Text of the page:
Marge Champion, the actress, and dancer who served as the live-action model for Snow White and the Seven Dwarfs, died on Wednesday at age 101. Champion and her second husband, Gower Champion, were a successful dance team, appearing on stage, in television shows, and movies. Champion's third husband was director Boris Sagal, the father of actress Katey Sagal.
Champion died in Los Angeles, dance instructor Pierre Dulaine told The Hollywood Reporter. Survivors include son Gregg Champion and step-children Katey Sagal, Jean Sagal, Liz Sagal, Joey Sagal, and David Sagal. Champion was first married to Art Babbitt, the Disney animator best known for creating Goofy, from 1937 to 1940. She was married to Gower from 1947 to 1973 and Sagal from 1977 until his death in 1981.
Champion's career in Hollywood began at age 14 when Disney animators began studying her movements to make sure Snow White moved realistically in Snow White and the Seven Dwarfs. The all-male animation team needed to understand how a young girl moved, since so many of them usually based their work on their own movements. Champion also did live-action modeling work for characters in Pinocchio, Fantasia, and Dumbo.
In the 1940s and 1950s, Champion and Gower regularly appeared in MGM musicals, including Till the Clouds Roll By (1946), Show Boat (1951), Everything I Have Is Yours (1952), Give a Girl a Break (1953), and Jupiter Darling (1955). "We were getting fabulous reviews," Champion told the Times Telegram in 2010. "Gower brought the conceptions to the team and was able to tell a story through the dance routines. I think I brought an ability to connect with an audience."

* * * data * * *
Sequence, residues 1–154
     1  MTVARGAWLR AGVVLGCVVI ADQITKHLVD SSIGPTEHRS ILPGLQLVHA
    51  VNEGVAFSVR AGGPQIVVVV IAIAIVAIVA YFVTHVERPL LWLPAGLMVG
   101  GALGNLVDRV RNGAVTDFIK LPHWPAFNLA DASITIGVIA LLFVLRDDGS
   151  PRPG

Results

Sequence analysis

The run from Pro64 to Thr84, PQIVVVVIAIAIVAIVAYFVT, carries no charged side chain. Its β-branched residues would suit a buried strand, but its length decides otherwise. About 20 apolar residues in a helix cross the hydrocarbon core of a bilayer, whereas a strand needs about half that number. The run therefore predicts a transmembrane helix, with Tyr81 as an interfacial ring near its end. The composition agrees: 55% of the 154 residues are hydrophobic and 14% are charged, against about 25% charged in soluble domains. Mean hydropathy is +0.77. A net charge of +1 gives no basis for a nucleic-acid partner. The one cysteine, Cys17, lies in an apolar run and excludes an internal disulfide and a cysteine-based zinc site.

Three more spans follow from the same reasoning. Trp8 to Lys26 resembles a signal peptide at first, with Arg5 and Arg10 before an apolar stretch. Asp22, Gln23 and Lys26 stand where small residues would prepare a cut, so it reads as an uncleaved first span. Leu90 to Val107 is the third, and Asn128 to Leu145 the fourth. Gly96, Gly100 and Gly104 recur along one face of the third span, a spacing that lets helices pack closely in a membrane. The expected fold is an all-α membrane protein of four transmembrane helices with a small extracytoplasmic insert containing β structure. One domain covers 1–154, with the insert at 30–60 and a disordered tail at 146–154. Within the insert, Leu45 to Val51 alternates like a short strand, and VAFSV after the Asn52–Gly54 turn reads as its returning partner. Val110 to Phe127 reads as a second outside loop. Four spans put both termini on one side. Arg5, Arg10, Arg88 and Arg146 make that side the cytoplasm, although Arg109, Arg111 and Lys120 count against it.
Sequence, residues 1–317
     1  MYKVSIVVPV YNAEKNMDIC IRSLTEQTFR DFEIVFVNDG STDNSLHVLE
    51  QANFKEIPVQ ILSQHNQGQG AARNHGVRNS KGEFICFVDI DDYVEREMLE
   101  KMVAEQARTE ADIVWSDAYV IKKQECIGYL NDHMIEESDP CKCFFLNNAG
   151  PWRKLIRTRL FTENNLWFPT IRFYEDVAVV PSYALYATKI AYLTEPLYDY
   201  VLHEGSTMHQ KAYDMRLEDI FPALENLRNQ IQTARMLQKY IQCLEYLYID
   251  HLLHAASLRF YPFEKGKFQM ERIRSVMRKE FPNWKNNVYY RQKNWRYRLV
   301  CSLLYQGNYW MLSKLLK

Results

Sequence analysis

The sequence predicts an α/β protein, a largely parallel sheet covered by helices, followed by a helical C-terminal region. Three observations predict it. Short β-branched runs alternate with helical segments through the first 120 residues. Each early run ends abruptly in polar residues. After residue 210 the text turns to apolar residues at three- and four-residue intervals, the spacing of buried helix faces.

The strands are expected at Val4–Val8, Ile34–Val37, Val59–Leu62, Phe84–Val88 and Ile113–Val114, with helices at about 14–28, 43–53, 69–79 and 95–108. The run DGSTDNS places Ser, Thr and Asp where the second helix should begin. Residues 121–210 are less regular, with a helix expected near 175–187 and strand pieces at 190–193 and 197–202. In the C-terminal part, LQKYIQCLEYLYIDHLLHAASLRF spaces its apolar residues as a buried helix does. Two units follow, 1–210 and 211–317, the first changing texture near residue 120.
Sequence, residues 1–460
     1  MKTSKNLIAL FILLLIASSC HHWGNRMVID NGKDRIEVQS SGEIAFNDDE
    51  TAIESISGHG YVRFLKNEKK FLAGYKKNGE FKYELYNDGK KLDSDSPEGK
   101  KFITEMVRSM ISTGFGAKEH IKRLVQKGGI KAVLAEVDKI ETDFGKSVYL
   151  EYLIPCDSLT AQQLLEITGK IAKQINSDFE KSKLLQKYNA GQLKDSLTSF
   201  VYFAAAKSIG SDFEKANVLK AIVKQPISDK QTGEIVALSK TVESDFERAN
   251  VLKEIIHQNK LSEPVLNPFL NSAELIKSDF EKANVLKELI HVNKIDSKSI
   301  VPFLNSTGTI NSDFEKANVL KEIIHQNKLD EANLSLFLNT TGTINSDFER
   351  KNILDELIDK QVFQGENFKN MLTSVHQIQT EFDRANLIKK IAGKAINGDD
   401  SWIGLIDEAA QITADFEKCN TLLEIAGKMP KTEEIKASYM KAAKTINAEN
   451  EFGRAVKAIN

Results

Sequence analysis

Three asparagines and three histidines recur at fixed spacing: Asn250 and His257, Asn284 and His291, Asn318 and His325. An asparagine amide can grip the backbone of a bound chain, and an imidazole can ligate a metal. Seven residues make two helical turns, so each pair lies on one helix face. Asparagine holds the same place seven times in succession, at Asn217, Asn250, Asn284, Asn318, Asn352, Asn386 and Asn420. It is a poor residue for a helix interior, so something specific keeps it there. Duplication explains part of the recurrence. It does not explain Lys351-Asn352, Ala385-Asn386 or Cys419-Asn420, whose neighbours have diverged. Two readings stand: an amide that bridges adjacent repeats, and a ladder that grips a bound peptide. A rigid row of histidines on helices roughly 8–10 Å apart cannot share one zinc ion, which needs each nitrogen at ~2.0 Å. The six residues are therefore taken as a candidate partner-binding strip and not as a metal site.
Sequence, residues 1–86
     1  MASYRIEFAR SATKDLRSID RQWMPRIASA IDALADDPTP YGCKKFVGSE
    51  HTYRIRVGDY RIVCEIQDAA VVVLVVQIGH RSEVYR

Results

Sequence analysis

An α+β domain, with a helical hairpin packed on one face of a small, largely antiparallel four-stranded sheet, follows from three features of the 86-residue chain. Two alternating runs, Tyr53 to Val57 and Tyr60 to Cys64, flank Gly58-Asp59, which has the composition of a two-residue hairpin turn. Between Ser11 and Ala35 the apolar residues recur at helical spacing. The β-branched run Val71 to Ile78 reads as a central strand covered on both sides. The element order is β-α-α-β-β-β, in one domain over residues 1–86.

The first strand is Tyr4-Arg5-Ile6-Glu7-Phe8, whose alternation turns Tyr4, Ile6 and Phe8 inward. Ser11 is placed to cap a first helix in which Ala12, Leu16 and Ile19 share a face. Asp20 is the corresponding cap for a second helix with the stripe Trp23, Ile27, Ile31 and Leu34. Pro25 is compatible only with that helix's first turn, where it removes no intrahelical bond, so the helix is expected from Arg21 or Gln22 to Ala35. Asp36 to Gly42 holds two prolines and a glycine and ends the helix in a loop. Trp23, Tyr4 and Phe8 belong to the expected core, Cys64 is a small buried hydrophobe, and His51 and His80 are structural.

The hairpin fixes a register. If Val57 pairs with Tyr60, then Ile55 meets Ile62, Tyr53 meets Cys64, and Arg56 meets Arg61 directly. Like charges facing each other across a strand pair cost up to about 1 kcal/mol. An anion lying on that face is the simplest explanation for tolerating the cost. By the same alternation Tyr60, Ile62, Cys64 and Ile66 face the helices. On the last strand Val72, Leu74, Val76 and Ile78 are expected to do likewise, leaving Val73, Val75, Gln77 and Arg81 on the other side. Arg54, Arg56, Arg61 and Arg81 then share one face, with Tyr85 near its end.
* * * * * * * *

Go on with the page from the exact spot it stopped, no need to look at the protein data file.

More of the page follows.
Gower and Champion choreographed Broadway shows and made frequent appearances on early television shows. In 1957, they even had a CBS sitcom, The Marge and Gower Champion Show, in which Champion was a dancer and Gower the choreographer, with Buddy Rich co-starring as a drummer. They were also favorites on The Ed Sullivan Show and toured the Soviet Union with Sullivan. The two divorced in 1973, as Champion wanted to focus more on their family. "I was 40, and didn't want to turn my children over to a nanny and go traveling," she said in 2010. "Gower did, and was really happy being the choreographer/director he had always wanted to be."
Champion continued working after their divorce. In 1975, Champion won an Emmy for Outstanding Achievement in Choreography for the acclaimed TV special Queen of the Stardust Ballroom. She also received a star on the Hollywood Walk of Fame in 1960 for her television work. In 2007, she received a Disney Legends Award. In her 90s, she was the subject of Keep Dancing, a documentary about her passion for dancing.0comments